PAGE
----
Friday, June 12, 2009

What Happens To A Diocese Without A Bishop?

Q - What happens to the diocese between now and the appointment of a new Bishop? I have no idea how such things work.

A - Thanks for asking. We really won't see much change in how things work at all, because immediately after a bishop given a new assignment to a new diocese (or retires), he becomes the administrator of his former diocese (in this case, Bishop Aymond is currently the administrator of the Diocese of Austin) until he is installed in the new diocese.
The "episcopal see" of Austin will not be without someone over it through this process. Canon 416 reads:
An episcopal see is vacant upon the death of a diocesan bishop, resignation accepted by the Roman Pontiff, transfer, or privation made known to the bishop.
The canons that follow 416 then explain that the bishop is named administrator of the diocese he has just left until he takes possesion of his new see. If there is no new bishop named by the time he leaves, a priest (or another bishop if there are other bishops in the diocese) administrator will be named to replace him in the interim within eight days by the college of consultors within the diocese (the presbyteral council). If they fail to elect someone administrator within eight days, then the metropolitan (archbishop of the area) will name one.

The administrator has limited duties and cannot take on financial responsibilities. Their role is to keep things going until the new bishop takes over. They also are forbidden to have any "innovations" during the vacancy of the bishop.

This process is an ordinary part of the life of the Church. Pray hard during it.

One of the interesting things is that immediately upon having a bishop notified of a new assignment to a new diocese, the office of vicar general (and other administrative offices) ceases. We just had Fr. Mike Sis (our former pastor) named co-Vicar General a few weeks ago. He is no longer vicar general.


John said...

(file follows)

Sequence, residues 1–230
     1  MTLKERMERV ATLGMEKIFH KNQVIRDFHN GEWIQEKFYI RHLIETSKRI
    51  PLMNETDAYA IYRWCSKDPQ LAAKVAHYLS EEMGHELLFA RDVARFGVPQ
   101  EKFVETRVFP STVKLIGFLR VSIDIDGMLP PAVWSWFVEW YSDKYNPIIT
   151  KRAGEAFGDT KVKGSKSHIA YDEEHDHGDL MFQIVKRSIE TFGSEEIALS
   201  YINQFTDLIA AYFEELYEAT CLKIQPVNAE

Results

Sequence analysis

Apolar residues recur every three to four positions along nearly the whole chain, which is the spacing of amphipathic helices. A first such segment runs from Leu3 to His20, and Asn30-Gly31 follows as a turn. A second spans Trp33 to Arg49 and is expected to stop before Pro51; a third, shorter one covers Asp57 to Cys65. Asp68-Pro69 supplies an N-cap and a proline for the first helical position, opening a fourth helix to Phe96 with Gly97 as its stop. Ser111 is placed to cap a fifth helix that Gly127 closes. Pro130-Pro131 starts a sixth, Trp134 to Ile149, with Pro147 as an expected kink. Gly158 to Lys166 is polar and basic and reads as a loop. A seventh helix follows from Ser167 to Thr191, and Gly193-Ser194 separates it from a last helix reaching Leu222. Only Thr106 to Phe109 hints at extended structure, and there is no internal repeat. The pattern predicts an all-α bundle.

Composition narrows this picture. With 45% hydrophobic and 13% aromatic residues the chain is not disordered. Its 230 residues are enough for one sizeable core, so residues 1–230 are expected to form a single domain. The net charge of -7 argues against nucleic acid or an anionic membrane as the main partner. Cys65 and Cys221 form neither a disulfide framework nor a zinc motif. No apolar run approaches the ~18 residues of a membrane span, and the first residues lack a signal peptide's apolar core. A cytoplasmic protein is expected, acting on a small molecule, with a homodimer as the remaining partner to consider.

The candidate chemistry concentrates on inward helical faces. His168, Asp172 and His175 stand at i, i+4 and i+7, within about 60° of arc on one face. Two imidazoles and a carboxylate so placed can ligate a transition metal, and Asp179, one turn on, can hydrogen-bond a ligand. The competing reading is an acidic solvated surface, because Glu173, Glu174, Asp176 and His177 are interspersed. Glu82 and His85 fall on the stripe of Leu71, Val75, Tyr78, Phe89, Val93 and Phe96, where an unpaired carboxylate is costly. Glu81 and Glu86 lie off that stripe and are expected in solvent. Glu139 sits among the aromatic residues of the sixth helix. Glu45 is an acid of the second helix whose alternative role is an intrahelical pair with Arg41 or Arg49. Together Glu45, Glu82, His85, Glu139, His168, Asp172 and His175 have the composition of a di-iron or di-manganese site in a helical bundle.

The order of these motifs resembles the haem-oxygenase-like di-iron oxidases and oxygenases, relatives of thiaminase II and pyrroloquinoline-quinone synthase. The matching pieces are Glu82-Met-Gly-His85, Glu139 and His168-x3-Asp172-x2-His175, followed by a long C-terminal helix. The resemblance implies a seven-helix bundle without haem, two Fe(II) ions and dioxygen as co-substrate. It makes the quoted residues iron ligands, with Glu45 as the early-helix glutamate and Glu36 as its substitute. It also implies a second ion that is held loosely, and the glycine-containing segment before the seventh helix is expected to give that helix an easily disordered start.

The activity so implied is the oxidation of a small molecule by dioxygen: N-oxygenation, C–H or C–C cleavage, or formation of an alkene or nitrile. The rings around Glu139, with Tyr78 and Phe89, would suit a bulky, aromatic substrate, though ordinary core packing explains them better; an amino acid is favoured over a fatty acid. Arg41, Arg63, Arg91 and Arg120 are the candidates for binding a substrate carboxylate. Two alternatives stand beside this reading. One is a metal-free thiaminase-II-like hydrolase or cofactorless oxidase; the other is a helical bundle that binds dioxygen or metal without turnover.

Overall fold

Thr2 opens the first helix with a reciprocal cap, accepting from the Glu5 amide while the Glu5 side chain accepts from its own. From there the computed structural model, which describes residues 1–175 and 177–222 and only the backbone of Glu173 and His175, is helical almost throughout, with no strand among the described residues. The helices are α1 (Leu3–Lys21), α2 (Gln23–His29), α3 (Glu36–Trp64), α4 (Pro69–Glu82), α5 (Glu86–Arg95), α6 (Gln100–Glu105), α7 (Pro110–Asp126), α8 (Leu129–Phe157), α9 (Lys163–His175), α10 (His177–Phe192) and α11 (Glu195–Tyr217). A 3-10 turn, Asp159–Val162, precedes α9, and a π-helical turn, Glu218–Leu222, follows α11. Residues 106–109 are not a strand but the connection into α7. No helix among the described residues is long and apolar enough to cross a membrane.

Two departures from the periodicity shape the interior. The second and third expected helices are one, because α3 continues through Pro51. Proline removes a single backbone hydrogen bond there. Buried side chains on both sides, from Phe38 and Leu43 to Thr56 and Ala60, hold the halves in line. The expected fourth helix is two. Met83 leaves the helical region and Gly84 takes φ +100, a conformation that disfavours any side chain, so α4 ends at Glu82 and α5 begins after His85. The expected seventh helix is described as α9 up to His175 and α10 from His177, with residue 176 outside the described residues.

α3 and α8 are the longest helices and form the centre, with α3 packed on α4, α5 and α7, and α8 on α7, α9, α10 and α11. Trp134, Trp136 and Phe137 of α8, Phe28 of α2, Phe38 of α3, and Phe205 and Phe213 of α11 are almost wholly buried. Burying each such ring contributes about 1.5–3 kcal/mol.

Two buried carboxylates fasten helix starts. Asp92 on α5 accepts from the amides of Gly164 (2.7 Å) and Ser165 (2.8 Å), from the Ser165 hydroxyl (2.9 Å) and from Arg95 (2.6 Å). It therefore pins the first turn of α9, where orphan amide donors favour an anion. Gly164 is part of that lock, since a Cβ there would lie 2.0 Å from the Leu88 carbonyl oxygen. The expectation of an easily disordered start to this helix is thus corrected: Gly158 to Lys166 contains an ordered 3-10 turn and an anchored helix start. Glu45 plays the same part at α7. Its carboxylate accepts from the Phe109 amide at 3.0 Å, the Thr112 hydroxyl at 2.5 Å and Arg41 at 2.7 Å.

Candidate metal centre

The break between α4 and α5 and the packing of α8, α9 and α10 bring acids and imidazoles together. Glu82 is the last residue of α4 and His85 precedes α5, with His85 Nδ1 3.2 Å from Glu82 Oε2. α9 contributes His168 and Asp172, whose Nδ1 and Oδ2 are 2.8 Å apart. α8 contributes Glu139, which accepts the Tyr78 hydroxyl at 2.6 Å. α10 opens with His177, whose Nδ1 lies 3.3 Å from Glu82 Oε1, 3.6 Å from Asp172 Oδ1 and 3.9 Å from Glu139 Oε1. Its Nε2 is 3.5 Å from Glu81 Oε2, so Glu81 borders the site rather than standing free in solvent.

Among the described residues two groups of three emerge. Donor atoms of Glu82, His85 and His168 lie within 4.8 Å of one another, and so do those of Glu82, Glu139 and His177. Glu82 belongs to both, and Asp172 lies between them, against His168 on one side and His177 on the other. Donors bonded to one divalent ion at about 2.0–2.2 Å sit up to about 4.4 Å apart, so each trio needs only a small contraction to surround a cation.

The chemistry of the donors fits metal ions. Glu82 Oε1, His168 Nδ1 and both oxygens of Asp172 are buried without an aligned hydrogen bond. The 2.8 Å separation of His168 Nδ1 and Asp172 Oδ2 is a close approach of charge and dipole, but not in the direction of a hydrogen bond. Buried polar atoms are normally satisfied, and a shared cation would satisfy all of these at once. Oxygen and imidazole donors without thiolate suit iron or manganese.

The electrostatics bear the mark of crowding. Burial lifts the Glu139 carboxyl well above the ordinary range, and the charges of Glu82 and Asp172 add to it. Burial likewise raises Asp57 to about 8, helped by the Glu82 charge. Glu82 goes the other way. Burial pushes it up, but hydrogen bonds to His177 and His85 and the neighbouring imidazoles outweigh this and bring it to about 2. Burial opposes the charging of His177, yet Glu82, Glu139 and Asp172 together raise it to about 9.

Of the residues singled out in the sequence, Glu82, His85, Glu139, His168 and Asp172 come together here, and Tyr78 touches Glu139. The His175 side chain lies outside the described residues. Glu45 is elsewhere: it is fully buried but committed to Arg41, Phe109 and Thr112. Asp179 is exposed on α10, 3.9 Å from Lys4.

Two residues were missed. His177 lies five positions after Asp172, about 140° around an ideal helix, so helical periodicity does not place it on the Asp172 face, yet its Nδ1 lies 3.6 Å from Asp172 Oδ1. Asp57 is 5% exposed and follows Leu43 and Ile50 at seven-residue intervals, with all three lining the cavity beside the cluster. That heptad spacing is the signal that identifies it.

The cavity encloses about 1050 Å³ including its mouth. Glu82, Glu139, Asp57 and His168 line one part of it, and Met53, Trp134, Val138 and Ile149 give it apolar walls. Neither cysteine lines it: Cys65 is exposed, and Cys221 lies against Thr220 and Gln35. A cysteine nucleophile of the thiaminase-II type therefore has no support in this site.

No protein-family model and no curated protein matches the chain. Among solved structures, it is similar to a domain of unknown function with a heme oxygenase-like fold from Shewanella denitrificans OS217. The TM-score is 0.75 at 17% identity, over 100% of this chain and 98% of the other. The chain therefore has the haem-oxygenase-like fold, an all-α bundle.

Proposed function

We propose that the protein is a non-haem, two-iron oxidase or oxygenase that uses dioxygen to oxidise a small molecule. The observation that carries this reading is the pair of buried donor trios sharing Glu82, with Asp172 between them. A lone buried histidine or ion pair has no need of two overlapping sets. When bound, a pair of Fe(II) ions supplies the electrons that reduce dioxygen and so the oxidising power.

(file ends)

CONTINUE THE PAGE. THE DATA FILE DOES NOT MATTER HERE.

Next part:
So what remains in place within the administrative structure of a diocese. What appointments are kept in place? Also, what "other administrative offices" cease?

Generally speaking, how long (on average) does it take for a new bishop to be designated?

Marcel said...

Most of the administration stays in place. But, the administrative offices that share authority with the bishop (e.g., the vicar general, the episcopal vicar) are no longer in place.

It could be a few weeks to several months (on average) for a new bishop to be named. There are exceptional cases that might take many months or over a year, but these are rare. In the case of an important and large diocese such as Austin, it should be done by the end of the summer.

John said...

That's good to know!

Stacie said...

I hope it is soon. The diocese of Cheyenne, WY has been without a bishop since last fall.

LM said...

what is the criteria for selecting a bishop? It seems like all of them come a seminary...
I vote for Fr Corapi or Fr Zuhlsdorf

Exsultet said...

Do you have any thoughts on who might be named the new bishop, or alternatively, who might be the interim administrator? For example, is it likely that Fr. Sis, since he was almost Vicar General anyway, might be the interim administrator?

Marcel said...

LM - the process of how a Bishop is selected can be found here -

Exsultet - right now the administrator is Archbishop Aymond. If he leaves without having another bishop named, then the presbyteral council will elect and administrator from the priests of the diocese - one that is well respected and has the skills to run the diocese. Fr. Mike probably fits the bill, but nobody knows what will happen.